Monday, March 23, 2009
Saturday I took a day trip up to Golden Gate Fields in Northern California, where I had the pleasure of visiting with well-known Thoroughbred owner Kjell Qvale in the turf club. The 89-year-old Qvale – still sharp as a tack – is an iconic figure at Golden Gate Fields, where he served as president for 25 years. He has raced horses in Northern California for more than 50 years, and among the many champions he has owned was Silky Sullivan. Qvale purchased Silky Sullivan after his racing days were over and owned him until he passed away in 1977 at the age of 22.
Earlier Saturday morning, just after my arrival at the track, I trudged out to the Infield to take a picture of the memorial that marks the final resting place of Silky Sullivan. The great horse is buried beneath flowering shrubs surrounded by a white picket fence, halfway between the tote board in the center of the Infield and the far turn of the grass course.
Silky Sullivan, a chestnut colt by Sullivan foaled in 1955, was well known for his come-from-behind racing style. Called the “California Comet,” Silky would gallop along in a race until the rest of the field was many lengths in front of him, then switch to rocket gear and blow past them. He once came from 41 lengths back to win a 6 1/2-furlong allowance race.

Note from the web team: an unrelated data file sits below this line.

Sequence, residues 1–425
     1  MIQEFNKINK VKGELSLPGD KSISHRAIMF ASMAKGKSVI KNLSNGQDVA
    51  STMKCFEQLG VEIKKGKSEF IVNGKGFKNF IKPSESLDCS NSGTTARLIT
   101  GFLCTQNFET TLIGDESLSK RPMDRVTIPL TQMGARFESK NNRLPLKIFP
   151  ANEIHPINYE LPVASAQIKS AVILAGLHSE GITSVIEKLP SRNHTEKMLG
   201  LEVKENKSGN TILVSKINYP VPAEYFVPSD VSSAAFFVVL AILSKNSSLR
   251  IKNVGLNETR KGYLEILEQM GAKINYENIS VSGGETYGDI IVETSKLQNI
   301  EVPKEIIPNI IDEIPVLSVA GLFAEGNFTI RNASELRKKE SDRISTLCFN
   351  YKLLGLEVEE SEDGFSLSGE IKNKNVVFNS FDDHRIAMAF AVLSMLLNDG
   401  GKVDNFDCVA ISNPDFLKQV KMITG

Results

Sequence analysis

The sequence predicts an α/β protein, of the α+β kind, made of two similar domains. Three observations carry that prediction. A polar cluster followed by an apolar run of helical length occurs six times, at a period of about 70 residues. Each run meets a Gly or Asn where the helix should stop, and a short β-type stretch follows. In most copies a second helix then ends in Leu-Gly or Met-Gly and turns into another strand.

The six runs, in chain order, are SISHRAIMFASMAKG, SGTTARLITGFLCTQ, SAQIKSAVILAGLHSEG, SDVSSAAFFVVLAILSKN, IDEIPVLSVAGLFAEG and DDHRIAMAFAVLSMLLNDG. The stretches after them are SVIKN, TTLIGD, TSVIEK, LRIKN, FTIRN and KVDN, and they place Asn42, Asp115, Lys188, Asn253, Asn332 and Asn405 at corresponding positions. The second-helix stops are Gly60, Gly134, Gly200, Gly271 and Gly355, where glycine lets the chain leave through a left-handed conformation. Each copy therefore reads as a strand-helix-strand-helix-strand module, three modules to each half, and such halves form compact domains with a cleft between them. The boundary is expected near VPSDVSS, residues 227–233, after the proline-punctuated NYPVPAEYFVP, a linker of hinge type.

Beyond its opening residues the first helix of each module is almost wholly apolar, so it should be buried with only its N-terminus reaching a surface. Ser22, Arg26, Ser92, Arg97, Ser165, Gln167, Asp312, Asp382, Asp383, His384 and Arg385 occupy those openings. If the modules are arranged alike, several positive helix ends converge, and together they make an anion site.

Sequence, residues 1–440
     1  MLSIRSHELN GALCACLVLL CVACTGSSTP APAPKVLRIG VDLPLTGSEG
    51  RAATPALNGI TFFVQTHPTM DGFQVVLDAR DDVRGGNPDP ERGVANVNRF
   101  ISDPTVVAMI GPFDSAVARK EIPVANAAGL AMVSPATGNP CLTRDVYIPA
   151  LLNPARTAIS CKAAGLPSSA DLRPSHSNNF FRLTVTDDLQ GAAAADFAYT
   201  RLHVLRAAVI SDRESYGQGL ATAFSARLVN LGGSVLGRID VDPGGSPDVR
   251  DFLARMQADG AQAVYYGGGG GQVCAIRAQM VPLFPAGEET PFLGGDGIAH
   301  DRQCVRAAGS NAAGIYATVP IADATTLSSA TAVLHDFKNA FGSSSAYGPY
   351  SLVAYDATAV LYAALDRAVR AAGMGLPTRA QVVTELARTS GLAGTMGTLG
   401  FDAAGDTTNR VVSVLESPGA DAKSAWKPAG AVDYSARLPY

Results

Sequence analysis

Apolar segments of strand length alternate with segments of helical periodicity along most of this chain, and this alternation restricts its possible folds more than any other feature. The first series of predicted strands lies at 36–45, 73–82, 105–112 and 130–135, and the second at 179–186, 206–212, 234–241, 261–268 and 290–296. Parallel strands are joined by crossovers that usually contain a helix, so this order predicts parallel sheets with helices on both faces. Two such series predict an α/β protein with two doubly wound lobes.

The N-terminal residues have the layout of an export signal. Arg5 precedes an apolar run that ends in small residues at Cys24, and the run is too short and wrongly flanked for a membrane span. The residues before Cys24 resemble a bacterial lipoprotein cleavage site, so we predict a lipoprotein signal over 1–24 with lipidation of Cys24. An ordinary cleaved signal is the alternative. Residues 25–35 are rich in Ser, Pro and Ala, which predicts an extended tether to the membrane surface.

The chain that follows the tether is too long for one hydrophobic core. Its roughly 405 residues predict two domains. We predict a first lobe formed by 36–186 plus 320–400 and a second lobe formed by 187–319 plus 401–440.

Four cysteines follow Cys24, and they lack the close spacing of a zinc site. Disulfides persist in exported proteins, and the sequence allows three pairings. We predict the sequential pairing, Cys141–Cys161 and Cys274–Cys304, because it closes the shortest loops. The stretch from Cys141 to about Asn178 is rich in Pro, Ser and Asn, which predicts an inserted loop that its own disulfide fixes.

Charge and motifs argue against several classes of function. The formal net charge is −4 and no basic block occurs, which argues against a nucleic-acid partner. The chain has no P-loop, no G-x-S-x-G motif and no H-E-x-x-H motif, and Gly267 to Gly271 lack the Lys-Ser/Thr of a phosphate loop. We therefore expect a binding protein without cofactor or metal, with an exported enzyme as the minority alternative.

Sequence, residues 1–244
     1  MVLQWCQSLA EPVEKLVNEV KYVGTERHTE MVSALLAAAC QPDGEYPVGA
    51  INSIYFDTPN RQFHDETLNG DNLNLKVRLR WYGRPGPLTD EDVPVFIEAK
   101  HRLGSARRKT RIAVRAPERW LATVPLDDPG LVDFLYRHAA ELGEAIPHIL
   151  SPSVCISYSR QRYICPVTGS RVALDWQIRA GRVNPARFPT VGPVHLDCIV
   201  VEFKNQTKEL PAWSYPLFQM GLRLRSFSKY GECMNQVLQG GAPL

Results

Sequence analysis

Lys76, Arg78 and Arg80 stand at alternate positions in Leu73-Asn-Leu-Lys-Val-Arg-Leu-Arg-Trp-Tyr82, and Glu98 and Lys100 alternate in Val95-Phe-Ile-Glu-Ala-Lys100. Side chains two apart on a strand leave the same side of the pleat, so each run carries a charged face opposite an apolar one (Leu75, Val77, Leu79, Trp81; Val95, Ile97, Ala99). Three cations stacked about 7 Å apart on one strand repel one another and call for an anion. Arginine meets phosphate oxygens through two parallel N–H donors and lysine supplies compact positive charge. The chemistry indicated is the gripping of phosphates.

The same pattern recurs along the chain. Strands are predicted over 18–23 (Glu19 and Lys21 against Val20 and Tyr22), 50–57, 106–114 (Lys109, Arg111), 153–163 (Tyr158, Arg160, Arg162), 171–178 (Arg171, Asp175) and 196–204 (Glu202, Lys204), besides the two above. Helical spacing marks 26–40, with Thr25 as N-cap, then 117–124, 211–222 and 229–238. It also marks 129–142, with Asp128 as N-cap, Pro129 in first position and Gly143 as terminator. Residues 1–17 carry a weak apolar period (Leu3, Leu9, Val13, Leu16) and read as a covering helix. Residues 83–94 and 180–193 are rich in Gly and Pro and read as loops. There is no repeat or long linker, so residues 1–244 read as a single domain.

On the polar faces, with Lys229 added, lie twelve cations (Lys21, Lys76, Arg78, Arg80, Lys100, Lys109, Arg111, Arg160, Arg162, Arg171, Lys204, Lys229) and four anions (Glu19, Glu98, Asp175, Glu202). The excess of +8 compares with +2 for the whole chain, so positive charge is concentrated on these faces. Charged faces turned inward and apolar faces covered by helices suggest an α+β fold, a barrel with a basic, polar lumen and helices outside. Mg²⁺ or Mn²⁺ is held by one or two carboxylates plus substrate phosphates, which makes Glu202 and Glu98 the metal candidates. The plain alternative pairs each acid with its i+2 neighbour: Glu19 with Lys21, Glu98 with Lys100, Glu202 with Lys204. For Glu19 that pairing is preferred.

Purchased as a yearling in Del Mar by Phil Klipstein and Tom Ross, Silky Sullivan made 27 career starts, with 12 wins, 1 second, and 5 thirds. Silky Sullivan won the Golden Gate Futurity in 1957 and the Santa Anita Derby in 1958. His total career earnings were $157,700, a substantial amount for the 1950’s. He was trained by Reggie Cornell, the uncle and mentor of today’s Hall of Fame trainer, Ron McAnally.
After his retirement in 1965, Silky Sullivan was paraded each year at Golden Gate Fields for Saint Patrick's Day and at Santa Anita for the Santa Anita Derby. He was wildly popular with California racing fans, and even had his own secretary to answer his mail.